Given the widespread use and abuse of alcohol for recreation, a drug that could interrupt its effects would have enormous value in treating alcoholism. Since addiction is based on stimulating pleasure centers, scientists have been looking for a way to block that interaction between alcohol and the brain. The challenge has been to find a key protein that carries out this transmission and identify its binding site. Now, biologists in the Harris Lab at the University of Texas Austin have made a major research breakthrough validating the importance of certain ligand-gated ion channels in that process and locating a cavity where the binding takes place. Remarkably, they were able to push their research forward thanks to an obscure alpine cyanobacteria recently sequenced in France.
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Science researchers at the University of Texas at Austin have received a $3.3 million, five-year grant from the National Institute on Alcohol Abuse and Alcoholism to work on a medication to treat alcoholism and drug addiction, according to a UT Austin news article. The donating institute is a part of the National Institutes of Health.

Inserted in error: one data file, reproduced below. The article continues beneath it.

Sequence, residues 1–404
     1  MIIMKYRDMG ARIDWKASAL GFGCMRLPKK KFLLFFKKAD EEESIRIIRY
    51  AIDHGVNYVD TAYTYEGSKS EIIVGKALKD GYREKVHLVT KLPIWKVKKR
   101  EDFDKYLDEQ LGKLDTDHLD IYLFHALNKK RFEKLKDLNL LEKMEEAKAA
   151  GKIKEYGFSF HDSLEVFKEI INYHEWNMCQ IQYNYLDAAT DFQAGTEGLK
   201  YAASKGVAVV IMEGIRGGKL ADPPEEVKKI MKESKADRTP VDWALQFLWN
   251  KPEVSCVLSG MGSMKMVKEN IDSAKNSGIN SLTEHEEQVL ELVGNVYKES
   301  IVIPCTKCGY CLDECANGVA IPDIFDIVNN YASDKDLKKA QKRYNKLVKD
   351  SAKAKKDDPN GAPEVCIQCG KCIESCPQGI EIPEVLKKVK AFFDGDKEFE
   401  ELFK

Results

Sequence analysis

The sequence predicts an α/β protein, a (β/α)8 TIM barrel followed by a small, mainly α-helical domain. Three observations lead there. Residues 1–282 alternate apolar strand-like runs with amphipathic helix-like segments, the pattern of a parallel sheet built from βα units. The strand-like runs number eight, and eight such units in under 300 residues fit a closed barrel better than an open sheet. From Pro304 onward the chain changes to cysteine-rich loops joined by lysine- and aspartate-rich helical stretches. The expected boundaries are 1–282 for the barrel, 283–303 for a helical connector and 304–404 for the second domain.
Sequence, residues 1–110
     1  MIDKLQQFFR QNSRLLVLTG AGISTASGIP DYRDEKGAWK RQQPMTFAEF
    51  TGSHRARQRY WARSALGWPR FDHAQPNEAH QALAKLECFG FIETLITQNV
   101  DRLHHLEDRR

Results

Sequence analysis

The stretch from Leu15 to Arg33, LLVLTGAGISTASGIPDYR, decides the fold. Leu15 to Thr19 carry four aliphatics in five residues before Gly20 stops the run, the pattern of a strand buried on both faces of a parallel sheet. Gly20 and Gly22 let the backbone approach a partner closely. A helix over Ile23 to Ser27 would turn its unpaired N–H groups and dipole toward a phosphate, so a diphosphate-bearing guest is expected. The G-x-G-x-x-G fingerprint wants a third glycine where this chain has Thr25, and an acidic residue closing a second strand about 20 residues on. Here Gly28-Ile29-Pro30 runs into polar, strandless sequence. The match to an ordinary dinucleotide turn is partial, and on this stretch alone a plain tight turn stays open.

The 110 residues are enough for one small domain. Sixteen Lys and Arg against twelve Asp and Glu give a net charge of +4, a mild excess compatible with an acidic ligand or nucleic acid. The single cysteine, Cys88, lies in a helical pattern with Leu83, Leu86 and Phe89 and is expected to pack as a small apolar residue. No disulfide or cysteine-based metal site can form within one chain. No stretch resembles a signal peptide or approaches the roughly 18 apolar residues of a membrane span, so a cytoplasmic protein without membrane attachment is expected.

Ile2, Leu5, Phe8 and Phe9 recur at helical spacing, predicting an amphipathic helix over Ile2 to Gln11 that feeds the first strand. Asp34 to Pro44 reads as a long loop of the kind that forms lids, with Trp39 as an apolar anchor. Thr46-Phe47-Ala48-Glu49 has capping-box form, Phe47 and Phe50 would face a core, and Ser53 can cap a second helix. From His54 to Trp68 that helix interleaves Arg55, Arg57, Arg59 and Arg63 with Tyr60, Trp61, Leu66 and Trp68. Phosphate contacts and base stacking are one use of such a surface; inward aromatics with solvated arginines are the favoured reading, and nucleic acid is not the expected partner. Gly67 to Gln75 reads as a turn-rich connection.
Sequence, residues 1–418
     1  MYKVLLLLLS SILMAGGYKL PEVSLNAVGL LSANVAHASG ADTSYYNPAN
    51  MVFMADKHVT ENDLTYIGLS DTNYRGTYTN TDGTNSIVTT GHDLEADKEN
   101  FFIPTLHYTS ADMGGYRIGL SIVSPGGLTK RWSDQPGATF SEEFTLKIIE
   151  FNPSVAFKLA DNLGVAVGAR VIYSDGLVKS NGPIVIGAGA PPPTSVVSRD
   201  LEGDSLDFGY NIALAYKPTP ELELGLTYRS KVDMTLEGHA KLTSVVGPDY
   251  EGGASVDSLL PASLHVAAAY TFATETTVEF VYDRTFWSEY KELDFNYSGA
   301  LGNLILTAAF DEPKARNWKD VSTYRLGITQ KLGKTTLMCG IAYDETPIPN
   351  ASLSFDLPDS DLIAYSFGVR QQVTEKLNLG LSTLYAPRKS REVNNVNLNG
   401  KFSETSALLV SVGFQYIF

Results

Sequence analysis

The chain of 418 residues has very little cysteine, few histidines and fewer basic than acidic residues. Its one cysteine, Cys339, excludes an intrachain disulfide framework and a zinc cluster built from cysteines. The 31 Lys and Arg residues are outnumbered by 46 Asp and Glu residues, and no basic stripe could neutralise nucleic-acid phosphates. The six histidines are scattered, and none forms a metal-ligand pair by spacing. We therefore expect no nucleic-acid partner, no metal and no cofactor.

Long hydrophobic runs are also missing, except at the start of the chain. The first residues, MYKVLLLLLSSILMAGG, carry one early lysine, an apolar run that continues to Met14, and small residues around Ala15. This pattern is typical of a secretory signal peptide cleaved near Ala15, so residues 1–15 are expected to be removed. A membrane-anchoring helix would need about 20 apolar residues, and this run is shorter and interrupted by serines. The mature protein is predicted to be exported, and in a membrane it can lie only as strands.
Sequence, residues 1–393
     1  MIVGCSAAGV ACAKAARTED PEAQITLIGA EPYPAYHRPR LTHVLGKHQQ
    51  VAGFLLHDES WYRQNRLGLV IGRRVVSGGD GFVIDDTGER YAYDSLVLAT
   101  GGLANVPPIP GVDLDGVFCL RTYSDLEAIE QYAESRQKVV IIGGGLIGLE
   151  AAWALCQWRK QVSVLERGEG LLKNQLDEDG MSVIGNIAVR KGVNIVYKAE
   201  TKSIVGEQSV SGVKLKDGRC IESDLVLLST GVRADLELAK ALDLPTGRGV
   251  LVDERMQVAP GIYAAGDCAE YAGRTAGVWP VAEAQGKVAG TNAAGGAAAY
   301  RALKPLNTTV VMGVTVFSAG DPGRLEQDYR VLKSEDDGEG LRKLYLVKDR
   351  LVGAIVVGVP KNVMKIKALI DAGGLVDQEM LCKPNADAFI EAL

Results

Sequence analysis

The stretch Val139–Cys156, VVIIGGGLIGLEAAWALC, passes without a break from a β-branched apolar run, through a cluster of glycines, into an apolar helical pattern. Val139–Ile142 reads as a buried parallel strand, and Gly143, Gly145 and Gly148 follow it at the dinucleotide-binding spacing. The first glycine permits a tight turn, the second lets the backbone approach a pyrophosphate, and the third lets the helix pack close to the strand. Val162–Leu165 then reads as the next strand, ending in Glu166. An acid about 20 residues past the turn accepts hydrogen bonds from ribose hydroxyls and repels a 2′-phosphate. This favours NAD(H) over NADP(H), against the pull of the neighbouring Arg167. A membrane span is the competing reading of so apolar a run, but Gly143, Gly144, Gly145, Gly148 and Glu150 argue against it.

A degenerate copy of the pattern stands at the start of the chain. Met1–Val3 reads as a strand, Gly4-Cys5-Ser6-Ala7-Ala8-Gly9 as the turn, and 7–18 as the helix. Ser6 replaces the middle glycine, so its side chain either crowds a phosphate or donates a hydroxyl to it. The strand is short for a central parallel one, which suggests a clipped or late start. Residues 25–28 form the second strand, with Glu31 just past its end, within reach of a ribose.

The NIH has funded a five-year, $21 million Integrative Neuroscience Initiative on Alcoholism grant to support a multi-site consortium led by Oregon Health & Science University researchers Kathleen A. Grant and Betsy Ferguson. The grant represents the second competitive renewal for the INIA consortium (founded in 2001), which is made up of 15 lead investigators from 10 institutions in the United States and Europe. OHSU's share of the current funding is $6.3M. Dr. Grant is the head of neuroscience at the Oregon National Primate Research Center (ONPRC), where Dr. Ferguson is an associate scientist. The Division of Neuroscience at the ONPRC conducts research aimed at identifying and defining fundamental aspects of the cellular and molecular mechanisms underlying nervous system function.
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